In partnership with Scottish Development International, VisitScotland and Highlands and Islands Enterprise, the Scottish Government provides support to airlines for route recovery and development, with a particular focus on routes important for business connectivity including exports and inbound tourism.
The Scottish Government also provides funding and other support to sectors that are important to the transition to low and zero emission aviation. For example, the Scottish Government is investing £100 million to help deliver the Hydrogen Action Plan, which could help support the development of hydrogen powered aircraft.
Most air services within and to/ from Scotland are delivered by the private sector. Scotland's busiest airports, Edinburgh, Glasgow and Aberdeen, are privately owned.
International agreements and schemes
The Convention on International Civil Aviation (otherwise known as the 'Chicago Convention') sets out the global rules of airspace, aircraft registration and safety, security, taxation of aviation fuel and sustainability. The Convention established the International Civil Aviation Organisation (ICAO), a specialised agency of the United Nations charged with co-ordinating international air travel.
The Carbon Offsetting and Reduction Scheme for International Aviation (CORSIA) is a global, market-based measure developed by ICAO. It is one of ICAO's "basket of measures" to achieve carbon neutral growth from 2020. (The others being incentivising innovative aircraft technologies, implementing more efficient operations and facilitating the use of sustainable alternative fuels). CORSIA is designed to achieve carbon neutral growth in aviation from a 2019 baseline, through the use of offsets. Offsets involve organisations paying for things that will reduce carbon dioxide in order to reduce the damage caused by the carbon dioxide that they produce.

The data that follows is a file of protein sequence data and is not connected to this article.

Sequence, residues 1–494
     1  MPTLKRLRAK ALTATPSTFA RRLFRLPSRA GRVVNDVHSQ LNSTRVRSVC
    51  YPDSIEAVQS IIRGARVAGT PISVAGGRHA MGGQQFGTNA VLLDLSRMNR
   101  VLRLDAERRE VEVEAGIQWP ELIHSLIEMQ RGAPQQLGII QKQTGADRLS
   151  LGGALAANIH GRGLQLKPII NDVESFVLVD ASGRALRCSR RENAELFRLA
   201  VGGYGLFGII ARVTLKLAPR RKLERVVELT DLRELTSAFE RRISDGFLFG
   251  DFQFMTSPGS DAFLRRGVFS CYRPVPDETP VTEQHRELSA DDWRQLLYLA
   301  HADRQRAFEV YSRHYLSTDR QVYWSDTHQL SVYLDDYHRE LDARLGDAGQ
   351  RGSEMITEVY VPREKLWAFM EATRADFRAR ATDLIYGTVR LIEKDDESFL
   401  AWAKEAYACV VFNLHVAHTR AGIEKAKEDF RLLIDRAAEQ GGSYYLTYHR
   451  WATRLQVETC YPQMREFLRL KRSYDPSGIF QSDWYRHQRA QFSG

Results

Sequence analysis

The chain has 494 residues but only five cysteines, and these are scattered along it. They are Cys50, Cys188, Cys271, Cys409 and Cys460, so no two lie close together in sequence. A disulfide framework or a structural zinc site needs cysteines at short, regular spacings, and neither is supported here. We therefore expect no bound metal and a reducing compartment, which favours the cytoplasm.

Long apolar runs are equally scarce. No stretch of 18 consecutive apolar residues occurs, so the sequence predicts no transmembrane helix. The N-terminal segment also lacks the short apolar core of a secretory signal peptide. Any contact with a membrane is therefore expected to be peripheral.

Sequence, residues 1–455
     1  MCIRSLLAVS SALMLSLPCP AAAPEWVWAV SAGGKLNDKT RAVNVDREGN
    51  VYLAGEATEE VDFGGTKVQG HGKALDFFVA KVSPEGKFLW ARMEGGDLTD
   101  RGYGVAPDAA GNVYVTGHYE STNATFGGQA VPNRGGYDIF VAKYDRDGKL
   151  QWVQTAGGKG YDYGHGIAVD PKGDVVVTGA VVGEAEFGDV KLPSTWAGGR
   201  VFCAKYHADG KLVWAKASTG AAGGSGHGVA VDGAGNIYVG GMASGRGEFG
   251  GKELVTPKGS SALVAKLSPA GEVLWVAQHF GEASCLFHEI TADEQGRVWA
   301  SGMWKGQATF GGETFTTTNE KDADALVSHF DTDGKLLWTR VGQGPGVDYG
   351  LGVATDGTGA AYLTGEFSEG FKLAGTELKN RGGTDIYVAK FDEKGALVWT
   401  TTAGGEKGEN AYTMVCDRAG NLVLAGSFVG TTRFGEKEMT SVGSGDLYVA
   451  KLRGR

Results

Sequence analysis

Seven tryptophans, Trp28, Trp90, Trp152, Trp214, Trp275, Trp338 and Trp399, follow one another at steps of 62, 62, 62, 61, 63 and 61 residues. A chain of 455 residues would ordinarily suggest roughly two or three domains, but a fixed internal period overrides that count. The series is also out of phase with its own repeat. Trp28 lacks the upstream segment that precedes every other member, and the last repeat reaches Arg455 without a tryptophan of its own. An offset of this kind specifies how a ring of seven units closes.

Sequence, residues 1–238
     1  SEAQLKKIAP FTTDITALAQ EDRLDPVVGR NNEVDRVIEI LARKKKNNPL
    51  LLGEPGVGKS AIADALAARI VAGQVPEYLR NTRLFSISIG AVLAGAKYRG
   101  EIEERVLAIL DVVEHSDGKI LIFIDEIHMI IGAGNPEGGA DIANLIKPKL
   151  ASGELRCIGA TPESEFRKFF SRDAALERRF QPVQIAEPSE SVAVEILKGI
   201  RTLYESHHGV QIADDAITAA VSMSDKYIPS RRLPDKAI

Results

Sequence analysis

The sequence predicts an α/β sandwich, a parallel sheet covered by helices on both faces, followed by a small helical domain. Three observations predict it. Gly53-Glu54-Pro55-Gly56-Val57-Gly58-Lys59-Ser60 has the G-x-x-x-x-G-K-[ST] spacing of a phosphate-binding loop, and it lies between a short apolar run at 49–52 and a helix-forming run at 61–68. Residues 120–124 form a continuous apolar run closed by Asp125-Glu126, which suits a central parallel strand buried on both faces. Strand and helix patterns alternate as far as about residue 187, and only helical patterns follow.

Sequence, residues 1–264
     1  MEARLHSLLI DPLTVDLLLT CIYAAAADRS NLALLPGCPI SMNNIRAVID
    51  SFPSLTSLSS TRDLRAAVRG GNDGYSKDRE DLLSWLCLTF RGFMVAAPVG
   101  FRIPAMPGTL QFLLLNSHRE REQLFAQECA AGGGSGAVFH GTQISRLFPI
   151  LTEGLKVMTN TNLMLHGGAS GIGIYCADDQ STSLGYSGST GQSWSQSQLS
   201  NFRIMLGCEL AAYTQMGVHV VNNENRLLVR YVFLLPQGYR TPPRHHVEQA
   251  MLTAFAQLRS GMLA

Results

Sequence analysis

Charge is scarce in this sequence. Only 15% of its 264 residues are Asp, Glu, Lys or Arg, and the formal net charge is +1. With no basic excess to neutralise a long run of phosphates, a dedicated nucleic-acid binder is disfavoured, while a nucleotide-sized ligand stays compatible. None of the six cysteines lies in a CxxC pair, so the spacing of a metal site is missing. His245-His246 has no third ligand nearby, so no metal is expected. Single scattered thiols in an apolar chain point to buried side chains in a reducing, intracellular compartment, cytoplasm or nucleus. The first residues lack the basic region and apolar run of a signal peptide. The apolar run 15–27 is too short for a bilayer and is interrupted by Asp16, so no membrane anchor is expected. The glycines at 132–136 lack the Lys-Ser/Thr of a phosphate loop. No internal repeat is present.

The UK Government is responsible for:
aircraft and airport safety, and the regulation of general aviation (private flights, hot air balloons, etc.).
the Airspace Change Modernisation Programme, which the Civil Aviation Authority is working with airports around the UK to deliver.
Air Passenger Duty, with the introduction of Air Departure Tax (ADT) in Scotland deferred to allow an issue in relation to the Highlands and Islands exemption to be clarified.
implementing CORSIA, engaging with ICAO and entering into Air Service Agreements with other counties (Air Service Agreements provide the legal basis for flights between two countries).
the Renewable Transport Fuel Obligation, which includes a development fuel target that aims to incentivise the production of certain fuel, including sustainable aviation fuel.
Civil Aviation Authority
The Civil Aviation Authority is the UK's airport and aircraft safety regulator. It is also responsible for enforcing Civil Aviation (Access to Air Travel for Disabled Persons and Persons with Reduced Mobility) Regulations, and each year it publishes a report on airports' performance on accessible travel.
Joint Scottish Government and UK Government
The Scottish Government has jointly implemented a UK Emissions Trading Scheme (UK ETS) with the UK Government and the other devolved administrations. The UK ETS rules currently mirror the EU Emission Trading Scheme, which it replaces. The UK ETS creates a carbon price for aircraft operators, who must acquire and surrender a number of allowances equivalent to the carbon dioxide emissions of their flights covered by the scheme.
The four governments responsible for the UK ETS are currently in the process of reviewing the UK ETS for consistency with the climate change targets set in legislation across the UK, including with achieving Scotland's net-zero target. This will include reviewing certain aspects of UK ETS aviation policy to enhance its effectiveness. A joint four-government consultation, for public response, will be published in due course.
Inter-island air services in Scotland are the responsibility of the relevant local authorities. Local authorities are also responsible for some airports and airfields such as Oban and Lerwick.